Wealthy visitors to be offered a slice of the luxury resorts pie
Some of the most exclusive getaways have joined forces for a listing on
the JSE, writes MARCIA KLEIN
In September, a company comprising several of these resorts will list on the leisure sector of the JSE. The company, called Luxury Resorts and Conferences, includes the well-known Walkersons and Critchley Hackle Lodge near Dullstroom, the Blue Mountain Lodge near Kiepersol in Mpumalanga, the Erinvale Estate Hotel at Somerset West, D'Ouwe Werf in Stellenbosch, St Francis in St Francis Bay, Old Halliwell near Curry's Post, The Lodge at Prince's Grant near Kwa Dakuza in KwaZulu-Natal and a resort marketing and reservations operation, Exclusive Getaways.
All are small, very exclusive country-based resorts in prime destinations catering for the top end of the tourist market.
Over the past year, these individually owned properties have been put together into a group in preparation for a listing. Luxury CE Richard Makin says all are successful, profitable operations. By putting them together, rationalisation and synergistic benefits will enhance all the operations.
About 60% of the company's business comes from overseas tourists, many of whom are loyal, repeat visitors. "Our focus has been on inbound tourism - people who are keen on destinations which are not affected by crime," says Makin, adding that the falling value of the rand also makes these destinations more attractive than ever.
He says the portfolio of resorts and lodges is hand-picked. "We have picked the cream of the crop. We could have increased the portfolio, but we did not want something unwieldy and wanted to first extract the synergies before expanding."
The company, which lists on September 16, will offer 76.8-million shares at an issue price of 100c. There will be a private placing of 60.1-million shares, a preferential offer of 6.7-million and a public offer of 10-million shares. Proceeds will be used to settle the cash component of the acquisition of the hotels, and a portion to eliminate debt so the balance sheet will be ungeared.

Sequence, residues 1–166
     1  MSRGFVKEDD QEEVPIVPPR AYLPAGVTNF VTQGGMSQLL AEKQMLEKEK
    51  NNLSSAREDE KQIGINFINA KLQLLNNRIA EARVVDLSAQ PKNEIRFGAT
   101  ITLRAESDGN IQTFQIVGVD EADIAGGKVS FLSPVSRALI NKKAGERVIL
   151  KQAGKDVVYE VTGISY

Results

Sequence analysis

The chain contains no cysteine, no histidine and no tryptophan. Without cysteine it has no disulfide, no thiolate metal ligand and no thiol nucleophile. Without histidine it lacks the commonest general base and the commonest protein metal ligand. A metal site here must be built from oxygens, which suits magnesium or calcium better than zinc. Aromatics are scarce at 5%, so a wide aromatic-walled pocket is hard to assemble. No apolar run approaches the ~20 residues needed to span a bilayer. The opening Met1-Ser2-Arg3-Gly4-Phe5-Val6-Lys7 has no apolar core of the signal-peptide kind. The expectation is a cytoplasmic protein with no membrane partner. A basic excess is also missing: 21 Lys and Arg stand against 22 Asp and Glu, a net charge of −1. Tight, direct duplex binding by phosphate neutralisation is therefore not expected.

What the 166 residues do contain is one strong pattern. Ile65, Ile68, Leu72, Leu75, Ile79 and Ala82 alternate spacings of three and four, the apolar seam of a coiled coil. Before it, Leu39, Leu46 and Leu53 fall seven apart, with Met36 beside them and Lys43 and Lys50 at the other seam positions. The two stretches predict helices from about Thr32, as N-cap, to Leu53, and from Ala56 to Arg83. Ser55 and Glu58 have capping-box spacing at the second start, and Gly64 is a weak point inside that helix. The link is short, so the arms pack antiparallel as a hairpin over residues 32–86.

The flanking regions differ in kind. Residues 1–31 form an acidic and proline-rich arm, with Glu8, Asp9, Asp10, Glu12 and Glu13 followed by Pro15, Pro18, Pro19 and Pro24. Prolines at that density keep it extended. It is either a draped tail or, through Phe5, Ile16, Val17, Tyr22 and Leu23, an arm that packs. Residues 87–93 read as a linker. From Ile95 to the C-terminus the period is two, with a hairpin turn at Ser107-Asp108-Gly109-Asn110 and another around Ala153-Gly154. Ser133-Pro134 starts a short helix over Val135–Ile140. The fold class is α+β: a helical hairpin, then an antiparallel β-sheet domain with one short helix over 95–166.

This, says Makin, places Luxury at a significant advantage to its city hotel chain competitors which are highly geared.
A portion of the proceeds are earmarked for capex, including conference facilities and increasing the amount of accommodation. Management and staff will be motivated through share incentives.
Conferences form a major focus in the company's strategy.
Weekend occupancies are close to maximum, and conferences will increase midweek occupancy. Luxury Resorts and Conferences has forecast turnover to May 1999 of around R65-million and taxed income of R11.5-million.
The benefits of rationalisation will further enhance earnings, as will acquisitions. "We will make further acquisitions after listing," says Makin, but any new resort must comply with stringent criteria, and Luxury will not buy into turnaround situations. "We are looking at a rapid, but carefully thought-out acquisition drive, and we are also looking at offshore," he adds.
Makin is adamant the company should not be viewed as a hotel group.
"We are positioned well away from the overtraded hotel market. We are not a chain; each lodge is uniquely different. We don't want to be referred to as a hotel group. We are luxury resorts and lodges with our facilities and activities geared to the upper end of the market."
Operations and marketing director Kobus Botha says the rationalisation and synergistic benefits will be profound, particularly in the areas of marketing, central reservations, buying clout and systems.
Financial director Nigel Redford says there will be additional benefits on the financial side, for example, a centralised treasury. "All the resorts have good cash flows, and by pooling them we can get better rates. We will also be dealing at corporate level with banks, whereas before it was at branch level," he says.
He expects Luxury to produce above-average growth.